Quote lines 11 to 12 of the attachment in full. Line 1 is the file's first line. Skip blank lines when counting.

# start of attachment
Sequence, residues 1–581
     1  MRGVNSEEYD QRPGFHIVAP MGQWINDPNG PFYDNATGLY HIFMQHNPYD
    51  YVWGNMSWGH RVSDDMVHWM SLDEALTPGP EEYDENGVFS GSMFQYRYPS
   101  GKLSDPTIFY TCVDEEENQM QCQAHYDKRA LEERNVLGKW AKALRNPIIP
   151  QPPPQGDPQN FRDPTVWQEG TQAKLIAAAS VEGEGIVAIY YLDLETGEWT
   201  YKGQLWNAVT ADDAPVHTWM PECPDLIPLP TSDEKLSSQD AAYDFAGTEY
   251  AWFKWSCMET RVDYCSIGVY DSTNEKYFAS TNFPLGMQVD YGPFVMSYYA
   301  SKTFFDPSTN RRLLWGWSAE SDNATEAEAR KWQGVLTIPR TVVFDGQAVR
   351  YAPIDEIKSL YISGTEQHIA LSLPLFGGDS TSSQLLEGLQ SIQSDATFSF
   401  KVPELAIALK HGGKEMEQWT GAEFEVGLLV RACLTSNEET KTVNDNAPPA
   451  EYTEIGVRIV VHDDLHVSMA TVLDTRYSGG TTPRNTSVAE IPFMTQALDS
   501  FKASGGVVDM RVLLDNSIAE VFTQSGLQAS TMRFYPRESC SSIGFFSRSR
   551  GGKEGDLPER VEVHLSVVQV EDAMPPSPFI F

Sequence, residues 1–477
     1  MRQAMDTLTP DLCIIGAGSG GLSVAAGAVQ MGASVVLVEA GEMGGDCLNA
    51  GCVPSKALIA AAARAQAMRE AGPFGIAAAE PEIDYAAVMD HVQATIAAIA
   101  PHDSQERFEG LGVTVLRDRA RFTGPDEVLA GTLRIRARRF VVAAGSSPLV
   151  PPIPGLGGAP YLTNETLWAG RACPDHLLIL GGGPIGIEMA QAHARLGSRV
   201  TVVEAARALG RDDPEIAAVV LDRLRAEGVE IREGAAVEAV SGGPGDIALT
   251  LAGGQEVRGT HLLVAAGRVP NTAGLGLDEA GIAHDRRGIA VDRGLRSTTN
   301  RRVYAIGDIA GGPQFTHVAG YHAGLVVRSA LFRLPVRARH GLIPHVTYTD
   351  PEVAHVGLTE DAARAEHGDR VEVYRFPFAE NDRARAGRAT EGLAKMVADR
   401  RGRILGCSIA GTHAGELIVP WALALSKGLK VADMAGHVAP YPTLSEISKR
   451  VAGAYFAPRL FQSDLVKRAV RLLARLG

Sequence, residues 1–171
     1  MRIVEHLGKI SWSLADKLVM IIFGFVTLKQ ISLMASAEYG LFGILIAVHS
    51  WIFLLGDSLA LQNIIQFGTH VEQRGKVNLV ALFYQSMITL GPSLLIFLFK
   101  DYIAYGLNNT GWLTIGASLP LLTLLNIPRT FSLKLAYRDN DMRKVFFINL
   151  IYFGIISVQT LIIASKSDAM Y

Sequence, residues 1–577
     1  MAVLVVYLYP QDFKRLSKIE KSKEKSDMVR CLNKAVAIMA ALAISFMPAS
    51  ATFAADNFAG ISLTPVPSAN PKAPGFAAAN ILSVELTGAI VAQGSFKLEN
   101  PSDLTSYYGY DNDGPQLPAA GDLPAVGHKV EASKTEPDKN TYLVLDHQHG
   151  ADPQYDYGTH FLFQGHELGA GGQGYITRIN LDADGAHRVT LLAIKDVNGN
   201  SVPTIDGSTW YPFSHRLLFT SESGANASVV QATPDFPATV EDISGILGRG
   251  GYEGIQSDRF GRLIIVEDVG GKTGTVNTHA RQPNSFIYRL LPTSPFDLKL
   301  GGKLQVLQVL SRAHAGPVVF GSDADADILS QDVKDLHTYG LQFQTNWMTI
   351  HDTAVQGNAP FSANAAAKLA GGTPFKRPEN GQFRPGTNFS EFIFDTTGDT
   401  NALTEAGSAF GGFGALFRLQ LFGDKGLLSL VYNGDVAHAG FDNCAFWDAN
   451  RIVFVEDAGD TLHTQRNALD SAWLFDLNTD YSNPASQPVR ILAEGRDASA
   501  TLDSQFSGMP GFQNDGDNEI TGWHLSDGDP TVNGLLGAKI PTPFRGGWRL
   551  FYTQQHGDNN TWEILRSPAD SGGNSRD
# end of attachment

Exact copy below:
   451  EYTEIGVRIV VHDDLHVSMA TVLDTRYSGG TTPRNTSVAE IPFMTQALDS
   501  FKASGGVVDM RVLLDNSIAE VFTQSGLQAS TMRFYPRESC SSIGFFSRSR